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Seven challenges for harmonizing explainability requirements

Regulators have signalled an interest in adopting explainable AI(XAI) techniques to handle the diverse needs for model governance, operational servicing, and compliance in the financial services industry. In this short overview, we review the recent technical literature in XAI and argue that based on our current understanding of the field, the use of XAI techniques in practice necessitate a highly contextualized approach considering the specific needs of stakeholders for particular business applications.


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1. Motivation

Artificial intelligence (AI) systems are ubiquitous components of financial, compliance and operational business processes such as marketing (Jannach and Jugovac, 2019), credit decisioning (Hurley and Adebayo, 2016), client satisfaction (Zhao et al., 2019), cybersecurity (Siddiqui et al., 2019), and anti-money laundering (Weber et al., 2019). The growing complexity of these systems pose new challenges for for model governance (Kurshan et al., 2020) fair lending compliance (Chen, 2018), and other regulatory needs.

However, federal regulation in the United States of America (US) has yet to catch up to the frenetic pace of innovation in AI systems, both in research and practical deployments. For example, the OCC 2011-12 / Federal Reserve SR 11-7 Guidance on Model Risk Management (Board of Governers of the Federal Reserve System and Office of the Comptroller of the Currency, 2011)

, published in 2011, is now ten years old and predates the current explosion of deep learning in AI. Similarly, federal fair lending laws like the Equal Credit Opportunity Act (ECOA, a.k.a. Regulation B; enacted in 1974) mandate a customer’s right to explanation when financial institutions take actions that adversely impact their access to credit, and other laws like the Fair Credit Reporting Act (FCRA; enacted in 1970) protect a customer’s right to dispute incorrect data on their credit reports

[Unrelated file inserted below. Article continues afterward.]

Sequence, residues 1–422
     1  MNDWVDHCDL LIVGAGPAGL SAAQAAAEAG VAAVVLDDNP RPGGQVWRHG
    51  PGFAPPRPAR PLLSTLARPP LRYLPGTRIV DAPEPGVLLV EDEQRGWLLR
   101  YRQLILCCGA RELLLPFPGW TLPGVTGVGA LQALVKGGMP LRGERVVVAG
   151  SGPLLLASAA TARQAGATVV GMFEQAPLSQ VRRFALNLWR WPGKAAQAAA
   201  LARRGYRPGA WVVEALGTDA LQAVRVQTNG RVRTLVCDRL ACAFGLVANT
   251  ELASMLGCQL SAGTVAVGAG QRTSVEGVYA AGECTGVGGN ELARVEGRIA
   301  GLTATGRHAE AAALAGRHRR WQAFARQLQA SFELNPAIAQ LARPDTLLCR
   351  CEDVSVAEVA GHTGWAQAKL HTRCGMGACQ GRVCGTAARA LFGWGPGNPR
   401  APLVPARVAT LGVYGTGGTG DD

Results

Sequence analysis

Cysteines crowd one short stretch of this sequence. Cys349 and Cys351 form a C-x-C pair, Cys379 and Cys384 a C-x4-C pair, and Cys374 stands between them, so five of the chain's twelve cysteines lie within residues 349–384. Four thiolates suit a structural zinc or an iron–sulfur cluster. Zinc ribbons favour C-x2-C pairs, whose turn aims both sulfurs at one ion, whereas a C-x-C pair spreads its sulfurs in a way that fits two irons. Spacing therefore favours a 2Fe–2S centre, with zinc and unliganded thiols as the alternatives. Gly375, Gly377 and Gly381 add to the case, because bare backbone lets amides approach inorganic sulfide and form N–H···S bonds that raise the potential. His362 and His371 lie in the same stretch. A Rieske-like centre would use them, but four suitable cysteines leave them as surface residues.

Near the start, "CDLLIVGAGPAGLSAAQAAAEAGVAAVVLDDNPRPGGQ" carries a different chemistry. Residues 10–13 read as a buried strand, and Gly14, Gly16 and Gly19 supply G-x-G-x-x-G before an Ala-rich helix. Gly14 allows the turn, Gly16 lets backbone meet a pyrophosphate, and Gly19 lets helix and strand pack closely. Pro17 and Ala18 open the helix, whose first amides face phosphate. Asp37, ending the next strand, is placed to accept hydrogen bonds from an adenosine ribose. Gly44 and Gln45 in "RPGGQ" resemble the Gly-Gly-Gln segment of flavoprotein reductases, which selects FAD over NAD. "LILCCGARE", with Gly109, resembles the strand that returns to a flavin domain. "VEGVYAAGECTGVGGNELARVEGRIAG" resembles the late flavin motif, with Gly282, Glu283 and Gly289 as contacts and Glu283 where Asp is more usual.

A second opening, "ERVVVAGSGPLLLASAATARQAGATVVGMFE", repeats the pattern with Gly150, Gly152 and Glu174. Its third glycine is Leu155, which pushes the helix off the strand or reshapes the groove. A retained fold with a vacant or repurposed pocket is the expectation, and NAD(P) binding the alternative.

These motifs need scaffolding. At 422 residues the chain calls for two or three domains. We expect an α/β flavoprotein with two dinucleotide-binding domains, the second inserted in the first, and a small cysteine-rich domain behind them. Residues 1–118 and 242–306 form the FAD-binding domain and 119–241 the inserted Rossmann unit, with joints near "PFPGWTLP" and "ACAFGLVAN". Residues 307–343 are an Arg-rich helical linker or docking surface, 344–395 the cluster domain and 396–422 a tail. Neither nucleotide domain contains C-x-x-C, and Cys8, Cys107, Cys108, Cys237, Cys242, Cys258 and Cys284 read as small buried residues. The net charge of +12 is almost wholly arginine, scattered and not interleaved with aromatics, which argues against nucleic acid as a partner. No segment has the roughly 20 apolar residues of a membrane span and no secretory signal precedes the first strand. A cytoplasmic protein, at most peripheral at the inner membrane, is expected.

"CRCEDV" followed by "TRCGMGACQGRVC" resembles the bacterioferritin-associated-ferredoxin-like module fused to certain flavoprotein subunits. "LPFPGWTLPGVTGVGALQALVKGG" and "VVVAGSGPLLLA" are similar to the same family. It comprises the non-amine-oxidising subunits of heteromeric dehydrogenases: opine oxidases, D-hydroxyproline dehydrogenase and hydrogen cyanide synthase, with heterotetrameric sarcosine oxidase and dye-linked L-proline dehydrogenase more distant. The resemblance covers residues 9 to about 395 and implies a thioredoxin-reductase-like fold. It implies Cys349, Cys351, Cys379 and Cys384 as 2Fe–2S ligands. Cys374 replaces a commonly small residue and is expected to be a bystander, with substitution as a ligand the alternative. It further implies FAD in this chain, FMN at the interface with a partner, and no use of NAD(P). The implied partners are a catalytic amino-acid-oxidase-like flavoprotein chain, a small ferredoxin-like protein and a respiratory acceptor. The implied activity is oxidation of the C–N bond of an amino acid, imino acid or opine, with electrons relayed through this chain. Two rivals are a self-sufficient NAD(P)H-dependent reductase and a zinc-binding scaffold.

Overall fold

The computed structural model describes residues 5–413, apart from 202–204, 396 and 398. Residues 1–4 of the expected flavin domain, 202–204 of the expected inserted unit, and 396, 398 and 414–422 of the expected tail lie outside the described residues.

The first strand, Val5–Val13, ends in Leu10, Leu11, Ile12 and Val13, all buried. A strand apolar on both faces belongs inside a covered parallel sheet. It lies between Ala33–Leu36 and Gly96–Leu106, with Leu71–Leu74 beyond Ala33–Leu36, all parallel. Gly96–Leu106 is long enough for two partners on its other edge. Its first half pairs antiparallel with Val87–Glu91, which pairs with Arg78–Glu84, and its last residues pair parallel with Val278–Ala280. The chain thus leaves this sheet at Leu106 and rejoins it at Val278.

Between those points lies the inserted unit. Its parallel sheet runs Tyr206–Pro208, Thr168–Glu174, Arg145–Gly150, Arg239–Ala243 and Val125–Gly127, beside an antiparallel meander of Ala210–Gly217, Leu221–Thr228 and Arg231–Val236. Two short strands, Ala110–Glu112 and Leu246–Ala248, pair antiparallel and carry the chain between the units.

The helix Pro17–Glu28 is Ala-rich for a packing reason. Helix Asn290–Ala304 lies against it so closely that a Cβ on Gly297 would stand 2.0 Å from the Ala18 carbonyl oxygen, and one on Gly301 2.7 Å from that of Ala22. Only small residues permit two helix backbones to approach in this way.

(Chen, 2018).

The age of financial regulations have hindered regulatory enforcement. A recent investigation from the New York Department of Financial Services into alleged fair lending discrimination in the Apple Card credit card concluded that the letter of fair lending law was not violated insomuch as alleged spousal inequities were fully attributable to different data in the spouses’ credit reports (of Financial Services, 2021), while at the same time noting that “the use of credit scoring in its current form and laws and regulations barring discrimination in lending are in need of strengthening and modernization to improve access to credit” (New York Department of Financial Services, 2021). Recently, federal regulators have issues a joint Request for Information on the use of AI in financial services (The Comptroller of the Currency et al., 2021), signalling an interest to refresh financial regulations in the light of the Biden Administration’s focus on AI (Samp et al., 2021).